A judge in the Berks County magisterial district was recently arrested for driving under the influence and careless driving. Reading police say they received a call complaining about a car swerving into oncoming traffic while it was driving down Kutztown Road and North Ninth Street, both within city limits. When the police pulled her over, they noticed she was likely intoxicated.
The responding officers said they could smell alcohol on her breath. When they conducted field sobriety tests, they determined she may have been driving under the influence. As such, they arrested the judge and took her to the Penn State St. Joseph Medical Center. There, a blood test revealed her blood alcohol content was .188 percent. The legal limit in Pennsylvania is 0.08 percent.
Before the DUI
Before the judge got behind the wheel, she was allegedly drinking at a bar in Muhlenberg Township. At one point in the night, she placed her head on the bar to rest. The person who called in the complaint about the judge’s driving was also at the bar at the time and left at the same time she did. The witness recorded some of the event.
According to police, the judge did not try to pull any strings to get her DUI dismissed. Her father, the mayor of Reading, also stayed out of the investigation. The judge’s attorney said the judge fully cooperated with the investigation. Additionally, the Reading police chief said she is being treated as any other citizen would be.
This is not the first time a Berks County magisterial district judge has been charged in a criminal case. In May 2016, a different judge was charged with stealing over $100,000 from a volunteer fire company and his own court.
Pennsylvania’s Dram Laws
The State of Pennsylvania does have laws on the books regarding bars serving patrons who are visibly intoxicated. In this case, the judge showed she was visibly intoxicated by putting her head down on the bar. However, due to the circumstances of the judge’s arrest, the so-called “dram shop laws” do not come into play, which is good news for the bar in which she was drinking.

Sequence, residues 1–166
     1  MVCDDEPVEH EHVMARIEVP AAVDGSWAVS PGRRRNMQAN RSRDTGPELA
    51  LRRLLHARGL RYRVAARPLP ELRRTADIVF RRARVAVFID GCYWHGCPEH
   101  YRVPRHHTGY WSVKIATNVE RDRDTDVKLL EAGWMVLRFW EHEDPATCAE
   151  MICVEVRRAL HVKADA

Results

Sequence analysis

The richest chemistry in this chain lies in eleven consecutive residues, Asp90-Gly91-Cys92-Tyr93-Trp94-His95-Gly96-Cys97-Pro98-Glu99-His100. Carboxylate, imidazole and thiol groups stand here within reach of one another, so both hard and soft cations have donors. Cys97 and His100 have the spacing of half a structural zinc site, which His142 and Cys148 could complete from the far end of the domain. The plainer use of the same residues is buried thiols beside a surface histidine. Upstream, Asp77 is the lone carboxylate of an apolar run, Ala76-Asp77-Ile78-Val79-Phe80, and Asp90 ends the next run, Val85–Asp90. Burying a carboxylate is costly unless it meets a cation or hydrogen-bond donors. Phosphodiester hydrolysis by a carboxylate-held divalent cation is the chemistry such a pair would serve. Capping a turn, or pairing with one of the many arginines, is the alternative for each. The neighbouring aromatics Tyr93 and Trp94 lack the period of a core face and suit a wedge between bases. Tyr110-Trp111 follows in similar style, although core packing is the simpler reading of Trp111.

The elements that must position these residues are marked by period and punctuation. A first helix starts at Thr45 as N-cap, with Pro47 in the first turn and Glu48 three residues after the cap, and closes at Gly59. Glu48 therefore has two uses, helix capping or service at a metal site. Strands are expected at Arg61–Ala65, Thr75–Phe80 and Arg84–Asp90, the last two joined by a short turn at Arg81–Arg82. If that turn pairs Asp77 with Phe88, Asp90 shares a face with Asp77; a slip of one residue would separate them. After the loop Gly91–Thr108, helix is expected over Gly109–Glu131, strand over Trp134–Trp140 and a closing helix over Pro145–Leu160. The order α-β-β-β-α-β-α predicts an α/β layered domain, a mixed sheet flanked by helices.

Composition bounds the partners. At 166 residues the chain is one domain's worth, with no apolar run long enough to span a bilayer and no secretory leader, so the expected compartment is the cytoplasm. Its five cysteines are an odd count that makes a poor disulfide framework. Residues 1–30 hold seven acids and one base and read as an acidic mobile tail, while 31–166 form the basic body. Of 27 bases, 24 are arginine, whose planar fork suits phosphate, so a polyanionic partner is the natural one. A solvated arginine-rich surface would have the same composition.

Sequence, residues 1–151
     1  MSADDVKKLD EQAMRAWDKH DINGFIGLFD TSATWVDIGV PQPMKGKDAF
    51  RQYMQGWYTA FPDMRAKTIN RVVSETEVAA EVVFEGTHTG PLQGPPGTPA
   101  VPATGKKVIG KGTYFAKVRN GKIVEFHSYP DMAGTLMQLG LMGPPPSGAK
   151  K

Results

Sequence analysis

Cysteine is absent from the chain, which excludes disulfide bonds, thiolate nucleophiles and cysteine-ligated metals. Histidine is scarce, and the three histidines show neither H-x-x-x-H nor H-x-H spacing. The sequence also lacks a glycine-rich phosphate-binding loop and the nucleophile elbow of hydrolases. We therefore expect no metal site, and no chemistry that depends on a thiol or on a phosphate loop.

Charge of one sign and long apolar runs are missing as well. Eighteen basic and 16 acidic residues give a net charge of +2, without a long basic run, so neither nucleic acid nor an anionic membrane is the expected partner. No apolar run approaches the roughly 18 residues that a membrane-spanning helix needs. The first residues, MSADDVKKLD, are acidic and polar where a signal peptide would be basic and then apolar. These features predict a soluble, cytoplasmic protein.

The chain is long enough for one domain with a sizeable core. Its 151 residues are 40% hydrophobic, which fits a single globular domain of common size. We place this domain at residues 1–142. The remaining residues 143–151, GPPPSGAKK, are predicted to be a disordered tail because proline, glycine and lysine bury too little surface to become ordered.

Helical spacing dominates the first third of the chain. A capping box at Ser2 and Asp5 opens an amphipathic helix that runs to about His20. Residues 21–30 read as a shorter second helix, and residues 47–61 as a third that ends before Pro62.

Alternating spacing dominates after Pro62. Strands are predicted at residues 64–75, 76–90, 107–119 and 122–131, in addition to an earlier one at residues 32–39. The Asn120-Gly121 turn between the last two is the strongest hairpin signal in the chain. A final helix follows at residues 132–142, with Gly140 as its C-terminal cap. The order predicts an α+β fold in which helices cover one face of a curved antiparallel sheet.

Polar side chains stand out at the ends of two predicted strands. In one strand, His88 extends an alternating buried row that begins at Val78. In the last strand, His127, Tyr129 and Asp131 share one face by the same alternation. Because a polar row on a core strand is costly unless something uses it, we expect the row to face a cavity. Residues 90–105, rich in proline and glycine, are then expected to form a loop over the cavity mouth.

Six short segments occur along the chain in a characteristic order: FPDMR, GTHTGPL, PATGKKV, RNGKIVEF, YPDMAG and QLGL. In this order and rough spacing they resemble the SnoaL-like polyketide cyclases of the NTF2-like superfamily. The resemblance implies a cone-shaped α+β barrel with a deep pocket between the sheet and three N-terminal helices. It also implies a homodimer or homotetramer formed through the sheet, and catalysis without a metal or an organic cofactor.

Dram shop laws typically only come into effect if the intoxicated person causes injury to another person. The judge did potentially come close to injuring another driver by swerving in and out of oncoming traffic. But, because she was arrested before such an incident could occur, the bar is likely off the hook for over-serving a patron.
Though the bar may be out of hot water, the judge is not. She is expected in court next week, and could face serious consequences, including jail time, fines and even being disbarred. While you may not be facing disbarment for a DUI, you could face other severe punishments and ramifications if you are convicted. That’s why it’s crucial you have an experienced attorney by your side. If you are arrested for DUI in Pennsylvania, contact Steven E. Kellis today for a free, no-obligation consultation.